Adobe is one of the few materials whose production, lifespan, and disposal results in net-zero carbon emissions. In this article we will highlight the use of adobe in Araukaria Arquitectura’s project El Encuentro on the outskirts of Bogota, Colombia which has a humid, rainy climate.
Adobe block walls, unlike rammed earth, can be built rather narrow. In fact, a wall of 25 cm (10″) wide is able to absorb heat to warm the interior while rammed earth walls, which can be built to over 60 cm (2′) width, provide cooler spaces.
Adobe blocks are made on-site, making blocks that vary in both color and shape giving adobe its unique character. Adobe can also be easily remodeled or repaired.
To make adobe blocks, it is necessary to choose the right type of earth. If it’s too sandy, the blocks will crumble; If it’s too wet, they won’t keep their shape. The ideal mixture should have enough clay for a malleable but structurally sound block. Traditionally, oxen mix up the earth with their hooves while water is added periodically. Sand is added to balance the mixture and to increase malleability. Horse manure can be mixed in as well, but only from horses that have been in a pasture; the manure increases the mixture’s permeability. Wheat chaff can also be added to provide structure to the blocks.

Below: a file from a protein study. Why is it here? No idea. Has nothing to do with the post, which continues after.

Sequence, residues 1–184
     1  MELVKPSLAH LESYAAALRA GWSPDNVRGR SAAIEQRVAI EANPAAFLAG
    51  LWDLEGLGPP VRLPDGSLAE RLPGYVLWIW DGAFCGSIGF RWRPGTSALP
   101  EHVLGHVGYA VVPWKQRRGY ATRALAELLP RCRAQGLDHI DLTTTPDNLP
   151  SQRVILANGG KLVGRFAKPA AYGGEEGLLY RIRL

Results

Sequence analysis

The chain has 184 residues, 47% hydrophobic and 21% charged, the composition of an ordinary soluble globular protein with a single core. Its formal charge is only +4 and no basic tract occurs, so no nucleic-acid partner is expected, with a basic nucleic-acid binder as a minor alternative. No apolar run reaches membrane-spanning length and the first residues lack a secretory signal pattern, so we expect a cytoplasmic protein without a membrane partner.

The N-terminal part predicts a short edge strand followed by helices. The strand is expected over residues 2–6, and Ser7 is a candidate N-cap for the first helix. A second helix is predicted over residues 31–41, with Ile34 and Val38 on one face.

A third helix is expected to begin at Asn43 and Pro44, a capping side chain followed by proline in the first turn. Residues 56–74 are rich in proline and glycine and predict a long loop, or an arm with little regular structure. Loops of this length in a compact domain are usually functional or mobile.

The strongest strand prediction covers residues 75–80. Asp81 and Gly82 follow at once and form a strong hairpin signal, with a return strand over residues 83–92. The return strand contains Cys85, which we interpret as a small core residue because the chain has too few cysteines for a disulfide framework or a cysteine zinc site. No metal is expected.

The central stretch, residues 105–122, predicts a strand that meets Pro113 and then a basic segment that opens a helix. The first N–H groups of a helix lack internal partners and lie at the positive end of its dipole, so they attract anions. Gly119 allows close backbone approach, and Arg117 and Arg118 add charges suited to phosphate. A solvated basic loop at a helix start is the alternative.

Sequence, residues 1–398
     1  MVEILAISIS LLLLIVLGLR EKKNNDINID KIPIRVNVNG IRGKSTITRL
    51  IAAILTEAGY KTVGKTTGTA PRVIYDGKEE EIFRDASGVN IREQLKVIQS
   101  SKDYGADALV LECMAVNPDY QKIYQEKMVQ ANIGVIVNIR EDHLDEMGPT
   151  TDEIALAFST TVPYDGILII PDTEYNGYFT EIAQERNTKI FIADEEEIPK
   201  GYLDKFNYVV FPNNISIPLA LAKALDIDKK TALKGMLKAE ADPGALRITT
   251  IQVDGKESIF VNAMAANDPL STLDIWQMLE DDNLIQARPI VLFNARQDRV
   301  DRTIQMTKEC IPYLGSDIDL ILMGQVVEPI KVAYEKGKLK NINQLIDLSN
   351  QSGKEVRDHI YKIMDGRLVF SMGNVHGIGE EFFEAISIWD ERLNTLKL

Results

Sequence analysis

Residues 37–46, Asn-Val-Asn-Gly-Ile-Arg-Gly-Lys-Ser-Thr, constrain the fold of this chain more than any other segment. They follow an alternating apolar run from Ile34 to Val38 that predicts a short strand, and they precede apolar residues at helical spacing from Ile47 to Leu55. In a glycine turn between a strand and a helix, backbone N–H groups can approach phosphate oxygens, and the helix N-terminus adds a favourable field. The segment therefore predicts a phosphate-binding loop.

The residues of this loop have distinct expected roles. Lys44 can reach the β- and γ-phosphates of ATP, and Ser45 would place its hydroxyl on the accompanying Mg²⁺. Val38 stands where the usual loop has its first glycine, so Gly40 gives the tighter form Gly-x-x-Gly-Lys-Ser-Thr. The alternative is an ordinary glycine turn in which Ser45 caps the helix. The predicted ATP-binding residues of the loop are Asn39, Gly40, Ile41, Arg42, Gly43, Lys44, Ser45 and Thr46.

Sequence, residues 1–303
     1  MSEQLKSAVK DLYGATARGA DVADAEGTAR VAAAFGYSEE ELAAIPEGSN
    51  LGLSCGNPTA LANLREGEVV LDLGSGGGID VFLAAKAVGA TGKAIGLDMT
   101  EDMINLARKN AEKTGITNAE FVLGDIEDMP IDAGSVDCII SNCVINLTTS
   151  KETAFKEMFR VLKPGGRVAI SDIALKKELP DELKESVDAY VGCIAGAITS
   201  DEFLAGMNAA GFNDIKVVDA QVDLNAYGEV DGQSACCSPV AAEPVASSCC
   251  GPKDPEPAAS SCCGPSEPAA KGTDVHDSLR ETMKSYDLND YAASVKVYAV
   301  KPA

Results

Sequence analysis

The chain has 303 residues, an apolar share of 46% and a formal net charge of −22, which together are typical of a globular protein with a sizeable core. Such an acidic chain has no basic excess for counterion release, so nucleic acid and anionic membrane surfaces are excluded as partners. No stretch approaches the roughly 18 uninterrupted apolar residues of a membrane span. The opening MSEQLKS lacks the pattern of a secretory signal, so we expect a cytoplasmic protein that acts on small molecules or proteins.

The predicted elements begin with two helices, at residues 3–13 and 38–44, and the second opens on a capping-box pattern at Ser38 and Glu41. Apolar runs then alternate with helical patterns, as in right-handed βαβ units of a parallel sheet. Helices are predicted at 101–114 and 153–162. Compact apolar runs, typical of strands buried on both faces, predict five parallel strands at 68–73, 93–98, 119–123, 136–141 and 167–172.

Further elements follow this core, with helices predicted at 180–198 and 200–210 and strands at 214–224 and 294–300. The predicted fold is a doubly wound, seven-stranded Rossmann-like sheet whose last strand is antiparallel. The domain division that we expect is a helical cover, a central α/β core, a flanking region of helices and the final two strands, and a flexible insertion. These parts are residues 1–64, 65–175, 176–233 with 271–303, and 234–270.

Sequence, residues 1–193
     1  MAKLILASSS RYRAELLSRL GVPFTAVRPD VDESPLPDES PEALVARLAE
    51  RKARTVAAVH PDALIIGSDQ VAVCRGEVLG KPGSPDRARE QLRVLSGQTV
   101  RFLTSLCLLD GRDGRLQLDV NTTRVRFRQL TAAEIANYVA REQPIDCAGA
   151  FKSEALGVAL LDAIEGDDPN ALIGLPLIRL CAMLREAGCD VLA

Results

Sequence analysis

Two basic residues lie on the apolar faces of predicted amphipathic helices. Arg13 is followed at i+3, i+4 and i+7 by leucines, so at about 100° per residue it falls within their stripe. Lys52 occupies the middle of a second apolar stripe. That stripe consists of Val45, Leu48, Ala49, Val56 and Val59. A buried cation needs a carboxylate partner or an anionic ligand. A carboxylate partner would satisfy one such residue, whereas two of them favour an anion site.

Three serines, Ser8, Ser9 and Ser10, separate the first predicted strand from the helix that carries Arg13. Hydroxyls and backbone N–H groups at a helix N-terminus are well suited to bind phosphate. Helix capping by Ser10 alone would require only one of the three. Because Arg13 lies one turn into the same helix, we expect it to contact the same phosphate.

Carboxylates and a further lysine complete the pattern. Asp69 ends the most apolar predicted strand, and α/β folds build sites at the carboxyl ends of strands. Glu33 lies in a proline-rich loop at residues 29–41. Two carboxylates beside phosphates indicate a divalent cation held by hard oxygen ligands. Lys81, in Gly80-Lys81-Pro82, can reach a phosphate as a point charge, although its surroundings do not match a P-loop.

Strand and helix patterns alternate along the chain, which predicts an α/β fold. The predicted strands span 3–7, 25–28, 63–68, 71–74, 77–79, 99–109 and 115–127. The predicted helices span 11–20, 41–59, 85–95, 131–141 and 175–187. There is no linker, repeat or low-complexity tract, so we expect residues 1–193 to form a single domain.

After forming the blocks to the desired shape and size, they must be left on the ground where they were molded to dry. This step of the process can last 1 to 2 months, depending on the moisture and humidity in the air. During this time the blocks can either be covered or left exposed to the rain, which adds to adobe’s characteristic texture.
The local technique for mortar uses earth, however, for El Encuentro, they decided to use a cement-adobe mixture that they felt would add to the structure’s longevity.
You need to have “a good hat and boots” in order to build with adobe, meaning that the base, or “boots,” of the wall should be isolated enough so that exposure to the rain doesn’t compromise the adobe mixture and the roof, or “hat,” of the house should divert the rain away from the walls.
You can read the original article at www.archdaily.com